Montreal Mayor Valérie Plante has moved quickly to make her mark on the city. Critics and citizens have lauded her focus on transit-oriented development and a more pedestrian-friendly cityscape.

While there's no word about plans to implement her promised STM Pink Line, she has made moves to simplify the Montreal transportation system. Today, her administration unveiled what they're calling an "economic development plan," which includes suggestions to better move goods across the city.

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That plan would see the designation of some roads as shipping passageways. Such routes would be open only to trucks and other storage vehicles that need to transport products across the city.

That means, of course, that those same routes would be closed to non-local traffic. According to the report, the city would encourage carpooling and commutes by public transit to prevent the extreme congestion that would likely follow the implementation of these special passageways. There's no word yet about how, exactly, the city could convince commuters to do that.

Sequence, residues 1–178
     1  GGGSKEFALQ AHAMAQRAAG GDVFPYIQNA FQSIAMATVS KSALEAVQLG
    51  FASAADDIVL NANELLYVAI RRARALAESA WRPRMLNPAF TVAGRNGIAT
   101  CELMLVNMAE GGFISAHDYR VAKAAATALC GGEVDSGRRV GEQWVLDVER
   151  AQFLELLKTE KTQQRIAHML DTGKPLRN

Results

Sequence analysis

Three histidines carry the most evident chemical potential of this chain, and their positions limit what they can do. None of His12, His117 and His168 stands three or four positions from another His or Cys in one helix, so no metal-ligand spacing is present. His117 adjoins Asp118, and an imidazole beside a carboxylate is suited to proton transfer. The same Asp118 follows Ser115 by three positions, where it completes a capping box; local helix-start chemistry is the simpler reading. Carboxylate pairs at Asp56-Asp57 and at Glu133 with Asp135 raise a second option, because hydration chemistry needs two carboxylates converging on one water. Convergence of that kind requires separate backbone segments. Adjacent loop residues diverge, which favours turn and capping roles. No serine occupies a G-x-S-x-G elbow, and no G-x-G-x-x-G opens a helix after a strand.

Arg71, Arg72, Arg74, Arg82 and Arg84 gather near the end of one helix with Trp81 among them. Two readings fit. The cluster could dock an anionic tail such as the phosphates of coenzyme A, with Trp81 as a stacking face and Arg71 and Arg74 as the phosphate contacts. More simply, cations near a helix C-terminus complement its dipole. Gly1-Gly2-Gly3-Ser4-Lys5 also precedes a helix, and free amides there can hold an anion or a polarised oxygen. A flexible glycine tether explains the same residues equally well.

This new plan is either a blessing or a curse, depending on your perspective. The city desperately needs better accessibility for pedestrians and small businesses, but commuters will likely decry the constriction of an already insane road network.

Car-free planning seems to be a trend in the Plante administration. The elimination of downtown parking in the new plans for Sainte Catherine Street, the ban on cars on Mount Royal, and the removal of private parking in the Plateau-Mont-Royal have been controversial to say the least.

The city definitely needs a comprehensive plan to deal with its congestion and dilapidated infrastructure. Only time will tell if this new plan will work.

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